Yemen’s children face ‘worst diphtheria outbreak’

International aid organisation says deaths in Yemen likely to rise as bacterial disease spreads.

Nahla Arishi, a pediatrician, checks a boy infected with diphtheria at the al-Sadaqa teaching hospital in the southern port city of Aden
A pediatrician checks a boy infected with diphtheria in Yemen's southern port city of Aden in December, 2017 [File: Fawaz Salman/Reuters]

Deaths caused by diphtheria, a serious bacterial infection, are “likely to rise” in Yemen if a blockade imposed by a Saudi-led military coalition is not lifted, a major international charity has warned.

Save the Children said in a statement on Sunday that minors in the war-torn country were the most affected in what it called “the worst diphtheria outbreak for a generation”.

Diphtheria is a contagious infection that targets the body’s respiratory system. Though preventable by vaccines, it can lead to breathing problems, heart failure and death.


Since August, the aid organisation said it recorded at least 52 deaths from the disease, the majority of which were children under the age of 15.

Some 716 others were infected during the same time period.

“There’s so little help right now that families are carrying their children for hundreds of miles to get to us,” Mariam Aldogani, the group’s field coordinator in the port city of Hudaida, said.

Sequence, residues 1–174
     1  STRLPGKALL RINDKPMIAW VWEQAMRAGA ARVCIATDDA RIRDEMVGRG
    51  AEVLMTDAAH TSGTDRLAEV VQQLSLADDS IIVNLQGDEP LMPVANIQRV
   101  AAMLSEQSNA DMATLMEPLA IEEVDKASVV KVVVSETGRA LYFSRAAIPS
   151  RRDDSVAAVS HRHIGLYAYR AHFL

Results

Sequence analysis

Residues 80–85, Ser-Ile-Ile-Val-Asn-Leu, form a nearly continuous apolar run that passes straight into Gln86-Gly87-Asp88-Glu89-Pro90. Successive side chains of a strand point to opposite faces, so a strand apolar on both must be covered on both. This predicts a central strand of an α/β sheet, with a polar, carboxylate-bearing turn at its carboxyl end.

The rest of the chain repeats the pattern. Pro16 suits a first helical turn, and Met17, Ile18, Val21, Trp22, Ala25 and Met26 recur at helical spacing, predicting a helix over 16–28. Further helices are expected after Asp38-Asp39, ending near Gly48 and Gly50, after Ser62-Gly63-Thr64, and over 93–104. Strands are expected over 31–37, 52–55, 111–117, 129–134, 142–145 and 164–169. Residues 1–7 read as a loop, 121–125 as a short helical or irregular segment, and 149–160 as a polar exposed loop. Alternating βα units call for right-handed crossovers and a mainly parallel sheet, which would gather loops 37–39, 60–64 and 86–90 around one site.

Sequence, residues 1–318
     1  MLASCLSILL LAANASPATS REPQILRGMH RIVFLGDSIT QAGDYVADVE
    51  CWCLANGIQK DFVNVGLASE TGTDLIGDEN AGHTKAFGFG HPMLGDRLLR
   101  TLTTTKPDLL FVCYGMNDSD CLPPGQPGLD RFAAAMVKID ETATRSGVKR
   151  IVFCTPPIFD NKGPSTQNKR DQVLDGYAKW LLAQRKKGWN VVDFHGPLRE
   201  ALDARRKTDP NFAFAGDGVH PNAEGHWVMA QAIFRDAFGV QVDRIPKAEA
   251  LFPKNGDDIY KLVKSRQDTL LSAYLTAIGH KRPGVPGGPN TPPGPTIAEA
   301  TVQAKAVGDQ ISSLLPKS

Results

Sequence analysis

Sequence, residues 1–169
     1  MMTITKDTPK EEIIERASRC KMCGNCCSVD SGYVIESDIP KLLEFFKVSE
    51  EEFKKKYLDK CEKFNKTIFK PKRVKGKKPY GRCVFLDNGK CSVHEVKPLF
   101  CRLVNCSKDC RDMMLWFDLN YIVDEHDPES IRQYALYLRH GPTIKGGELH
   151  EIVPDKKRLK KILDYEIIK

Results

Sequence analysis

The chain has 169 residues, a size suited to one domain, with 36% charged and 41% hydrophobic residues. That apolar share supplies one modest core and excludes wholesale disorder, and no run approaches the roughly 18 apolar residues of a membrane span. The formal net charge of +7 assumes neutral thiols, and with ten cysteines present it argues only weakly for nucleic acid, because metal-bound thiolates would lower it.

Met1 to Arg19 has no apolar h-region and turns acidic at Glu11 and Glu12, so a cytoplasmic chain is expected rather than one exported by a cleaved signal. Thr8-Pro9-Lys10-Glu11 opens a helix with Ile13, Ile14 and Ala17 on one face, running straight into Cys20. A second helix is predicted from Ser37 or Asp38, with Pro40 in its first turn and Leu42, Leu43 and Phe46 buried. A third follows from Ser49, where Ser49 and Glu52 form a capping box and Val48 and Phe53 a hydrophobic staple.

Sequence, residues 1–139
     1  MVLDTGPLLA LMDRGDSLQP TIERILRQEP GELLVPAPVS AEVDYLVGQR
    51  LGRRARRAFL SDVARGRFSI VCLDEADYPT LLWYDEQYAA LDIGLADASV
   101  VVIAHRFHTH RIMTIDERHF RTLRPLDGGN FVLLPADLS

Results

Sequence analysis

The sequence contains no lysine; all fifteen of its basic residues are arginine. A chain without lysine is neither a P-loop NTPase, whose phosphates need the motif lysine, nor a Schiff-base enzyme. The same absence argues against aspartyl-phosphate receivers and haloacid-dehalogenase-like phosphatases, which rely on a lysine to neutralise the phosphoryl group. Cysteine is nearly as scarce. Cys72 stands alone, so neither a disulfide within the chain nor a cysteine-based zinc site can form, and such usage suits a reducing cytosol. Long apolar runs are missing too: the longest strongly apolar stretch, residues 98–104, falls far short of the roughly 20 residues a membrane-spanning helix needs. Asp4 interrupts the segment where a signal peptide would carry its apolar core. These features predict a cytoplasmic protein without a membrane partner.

“But they’re arriving too late and infecting people on the way.”

According to Save the Children, the outbreak has hit the western provinces of Ibb and Hudaida the hardest.

Apart from severe food and fuel shortages, Yemen’s population is already facing an ongoing widespread cholera epidemic, described as the world’s worst, and an outbreak of acute watery diarrhoea.

The United Nations has said that spread of disease is “man-made”, referring to the war between Houthi rebels and the Saudi-led coalition that is fighting them.

Yemen has been torn apart by conflict since 2014, when Houthi rebels, allied with troops loyal to the late President Ali Abdullah Saleh, captured large expanses of the country, including the capital, Sanaa.


Saudi Arabia launched a massive aerial campaign against the rebels in March 2015, aimed at restoring the government of President Abd-Rabbu Mansour Hadi.

The Saudi-led coalition closed air, land and sea access to the Arabian peninsula country for all humanitarian workers and organisations on November 6, saying the blockade would stop arms from reaching Houthi rebels.

The blockade was eased weeks later, but many warned that the move did not go far enough, including aid and human rights groups who warned that the spectre of mass famine would continue to loom over the impoverished country

The UN says that more than 10,000 people have been killed in the conflict, which has also displaced more than three million.

Source: Al Jazeera